Y.K. Chan is a retired planning engineer, curious about people who would respond to this call for free services. “Who are you, who do not have time to change a lightbulb?” He spent more than a decade chronicling his life as a civil servant and family man. He believes that buildings, houses and homes are living beings that need constant care and attention.
Is English the sine qua non language of Singapore? For Post-1970 Singaporean babies, it does seem so. Growing up in an education system emphasising the importance of English, ‘Mother Tongue’ (MT) lessons have been relegated to a few periods (25 minutes each) a week, resulting in a chronic lack of practical MT language application in daily life for some.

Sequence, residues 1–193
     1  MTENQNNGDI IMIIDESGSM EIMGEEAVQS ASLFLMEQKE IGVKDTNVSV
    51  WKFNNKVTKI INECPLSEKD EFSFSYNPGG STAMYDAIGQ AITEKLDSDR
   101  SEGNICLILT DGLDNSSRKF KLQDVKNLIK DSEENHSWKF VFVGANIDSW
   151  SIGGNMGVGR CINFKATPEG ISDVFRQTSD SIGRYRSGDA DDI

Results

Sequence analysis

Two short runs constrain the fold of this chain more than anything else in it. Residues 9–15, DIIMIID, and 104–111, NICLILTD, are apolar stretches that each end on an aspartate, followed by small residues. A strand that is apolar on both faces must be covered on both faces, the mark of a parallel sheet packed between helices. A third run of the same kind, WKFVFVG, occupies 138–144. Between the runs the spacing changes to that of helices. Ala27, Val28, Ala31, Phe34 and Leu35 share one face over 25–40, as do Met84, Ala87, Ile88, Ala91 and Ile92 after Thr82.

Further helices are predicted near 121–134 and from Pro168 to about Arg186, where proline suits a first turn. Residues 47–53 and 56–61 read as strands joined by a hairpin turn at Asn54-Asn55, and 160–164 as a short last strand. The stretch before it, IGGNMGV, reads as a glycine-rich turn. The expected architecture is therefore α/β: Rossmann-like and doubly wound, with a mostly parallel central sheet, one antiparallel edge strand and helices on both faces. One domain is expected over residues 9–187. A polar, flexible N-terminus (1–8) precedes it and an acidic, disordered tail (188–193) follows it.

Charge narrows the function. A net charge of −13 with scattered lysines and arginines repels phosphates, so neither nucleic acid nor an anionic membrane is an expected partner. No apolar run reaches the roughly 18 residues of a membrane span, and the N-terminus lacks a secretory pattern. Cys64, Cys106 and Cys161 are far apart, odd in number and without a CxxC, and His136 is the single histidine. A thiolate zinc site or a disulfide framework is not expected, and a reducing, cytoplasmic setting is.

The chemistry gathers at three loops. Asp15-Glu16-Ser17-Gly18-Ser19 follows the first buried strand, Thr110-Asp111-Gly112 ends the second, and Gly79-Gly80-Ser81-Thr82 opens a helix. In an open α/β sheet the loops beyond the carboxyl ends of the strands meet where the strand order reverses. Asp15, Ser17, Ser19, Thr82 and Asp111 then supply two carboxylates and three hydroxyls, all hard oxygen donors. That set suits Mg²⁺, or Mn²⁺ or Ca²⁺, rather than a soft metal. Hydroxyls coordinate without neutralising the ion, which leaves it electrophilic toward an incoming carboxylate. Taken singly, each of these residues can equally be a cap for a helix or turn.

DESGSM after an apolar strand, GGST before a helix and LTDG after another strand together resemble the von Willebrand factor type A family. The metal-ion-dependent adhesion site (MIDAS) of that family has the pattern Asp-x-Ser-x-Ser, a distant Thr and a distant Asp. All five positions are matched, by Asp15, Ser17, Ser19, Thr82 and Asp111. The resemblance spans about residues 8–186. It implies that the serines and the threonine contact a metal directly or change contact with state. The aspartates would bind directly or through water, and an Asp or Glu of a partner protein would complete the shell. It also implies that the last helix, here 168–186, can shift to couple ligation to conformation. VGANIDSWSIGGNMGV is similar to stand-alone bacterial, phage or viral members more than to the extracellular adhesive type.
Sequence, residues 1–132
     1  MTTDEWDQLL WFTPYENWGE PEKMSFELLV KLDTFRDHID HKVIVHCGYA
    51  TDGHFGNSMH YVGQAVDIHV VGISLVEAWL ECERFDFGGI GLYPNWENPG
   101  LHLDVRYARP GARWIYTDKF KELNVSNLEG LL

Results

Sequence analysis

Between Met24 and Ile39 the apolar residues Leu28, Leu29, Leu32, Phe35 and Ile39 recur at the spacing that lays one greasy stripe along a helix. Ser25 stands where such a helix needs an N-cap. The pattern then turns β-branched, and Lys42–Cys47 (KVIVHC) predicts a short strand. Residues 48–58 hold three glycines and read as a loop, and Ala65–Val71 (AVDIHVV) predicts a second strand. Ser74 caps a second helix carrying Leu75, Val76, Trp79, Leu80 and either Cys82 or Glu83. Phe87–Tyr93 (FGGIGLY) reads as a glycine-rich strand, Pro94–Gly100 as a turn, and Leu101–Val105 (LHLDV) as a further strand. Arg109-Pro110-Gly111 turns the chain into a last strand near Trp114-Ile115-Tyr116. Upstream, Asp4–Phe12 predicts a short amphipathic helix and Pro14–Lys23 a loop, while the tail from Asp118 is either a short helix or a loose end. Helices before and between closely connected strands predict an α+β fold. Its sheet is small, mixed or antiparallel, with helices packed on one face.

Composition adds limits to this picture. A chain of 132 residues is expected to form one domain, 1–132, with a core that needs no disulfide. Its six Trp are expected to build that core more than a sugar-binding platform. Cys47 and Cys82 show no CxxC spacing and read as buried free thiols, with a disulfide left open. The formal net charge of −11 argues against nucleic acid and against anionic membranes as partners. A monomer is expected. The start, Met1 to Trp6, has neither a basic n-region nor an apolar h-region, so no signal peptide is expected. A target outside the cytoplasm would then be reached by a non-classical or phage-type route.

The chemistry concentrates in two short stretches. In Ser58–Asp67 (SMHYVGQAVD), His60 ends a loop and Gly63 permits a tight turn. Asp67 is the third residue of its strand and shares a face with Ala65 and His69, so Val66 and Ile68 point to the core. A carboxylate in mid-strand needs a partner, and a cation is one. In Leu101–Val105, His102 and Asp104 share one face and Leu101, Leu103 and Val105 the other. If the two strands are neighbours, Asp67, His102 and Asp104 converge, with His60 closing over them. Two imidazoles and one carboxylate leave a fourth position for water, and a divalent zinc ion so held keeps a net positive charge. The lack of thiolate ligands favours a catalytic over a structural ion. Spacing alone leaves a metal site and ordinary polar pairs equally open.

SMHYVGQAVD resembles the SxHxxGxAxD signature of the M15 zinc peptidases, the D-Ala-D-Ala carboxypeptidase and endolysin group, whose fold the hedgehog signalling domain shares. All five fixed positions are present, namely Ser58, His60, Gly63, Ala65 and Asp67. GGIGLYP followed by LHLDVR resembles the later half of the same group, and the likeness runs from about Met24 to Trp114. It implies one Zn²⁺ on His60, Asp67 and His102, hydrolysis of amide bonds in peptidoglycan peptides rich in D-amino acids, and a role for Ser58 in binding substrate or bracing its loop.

Yet, beyond the school grounds and into hawker centres, clinics, HDB estates, and wet markets, one can see society’s response to the straightforward English/Mother Tongue dichotomy in the form of teeming diversity. The languages spoken in these arenas concurrently reveal Singapore’s history and that of those who speak it. That uncle there, for example, fluent in Mandarin and Malay, tells of a time when a kampung was site of daily interaction for everyone he knew.
Kisha & Kamiliah hope to use this space to get in touch with this existing diversity and celebrate it with all who share our Singaporean society. They’re inviting you to partake in a social experiment where you converse with them in your Mother Tongue (you’ll draw a topic) to see if Singaporeans share more than just English as a common language. Do we share a similar cultural framework that perhaps, extends to something common, like body language? Have we been so unconsciously immersed in our diverse environment that we subconsciously culturally negotiate our way through another language so as to fill in the meaning of whole sentences?